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Year : 2015  |  Volume : 4  |  Issue : 4  |  Page : 222-229

Integration of umbilical venous and arterial Doppler flow parameters for prediction of adverse perinatal outcome

Department of Obstetrics and Gynaecology, Kasturba Medical College, Manipal University, Udupi, Karnataka, India

Correspondence Address:
Hebbar Shripad
Department of Obstetrics and Gynaecology, Kasturba Medical College, Manipal University, Udupi - 576 104, Karnataka
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Source of Support: None, Conflict of Interest: None

DOI: 10.4103/2278-344X.167656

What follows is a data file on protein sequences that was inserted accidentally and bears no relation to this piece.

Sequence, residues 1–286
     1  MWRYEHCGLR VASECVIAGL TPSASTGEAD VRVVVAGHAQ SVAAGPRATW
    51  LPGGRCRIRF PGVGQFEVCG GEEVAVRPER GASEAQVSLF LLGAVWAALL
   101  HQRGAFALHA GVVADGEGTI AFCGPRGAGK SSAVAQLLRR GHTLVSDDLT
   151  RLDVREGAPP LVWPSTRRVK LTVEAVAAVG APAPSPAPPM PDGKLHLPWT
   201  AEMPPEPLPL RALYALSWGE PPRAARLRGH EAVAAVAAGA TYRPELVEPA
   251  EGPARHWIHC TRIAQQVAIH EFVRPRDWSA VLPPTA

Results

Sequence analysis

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Background: Quantification of umbilical vein (UV) blood flow rate and umbilical artery Doppler indices might be valuable in assessing fetuses at increased risk of perinatal complications as they receive their supply of oxygen and nutrients through this vessel. Previous studies have indicated that UV blood volume flow rate to umbilical artery pulsatility index (UAPI) ratio (venous arterial index [VAI]) evaluates both venous and arterial arm of fetal umbilical circulation and hence, can be adopted as a screening tool in management of high risk pregnancy. Objectives: To compare umbilical VAI with adverse perinatal outcome and also to evaluate its efficacy with other flow indices in determining perinatal outcome. Materials and Methods: Various Doppler indices such as normalized blood flow rate in UV (nUV, ml/kg estimated fetal weight/min), VAI (nUV/UAPI), umbilical artery resistance index (RI), UAPI, and systolic diastolic ratio were determined in 103 pregnant women within 2 weeks of the delivery. A risk score was devised using APGAR at 5 min, birth weight, preterm delivery, fetal distress, Neonatal Intensive Care Unit (NICU) care, and perinatal death and this score was correlated with antenatal Doppler findings. Results: Subjects with low VAI were found to have a greater association with intrauterine growth restricted fetuses (28.5%) and low liquor (35.7%), preterm deliveries (46.4%), lower mean birth weight (2.25 kg), higher NICU admission rates (32.1%). The unfavorable score was noticed in 25.2% of the neonates. They had lower VAI (156 vs. 241), UV diameter (6.2 mm vs. 7.8 mm), UV velocity (16.2 vs. 17.8), nUV (163.7 vs. 206.4), and higher PI (1.3 vs. 0.9). A cut-off of VAI of 105 ml/kg/min had sensitivity of 86.7% and a specificity of 93.5% for predicting poor perinatal outcome. Conclusion: VAI with a cut-off of 105 ml/kg/min can be used as an additional tool along with the other conventional Doppler indices in order to predict adverse fetal outcome.

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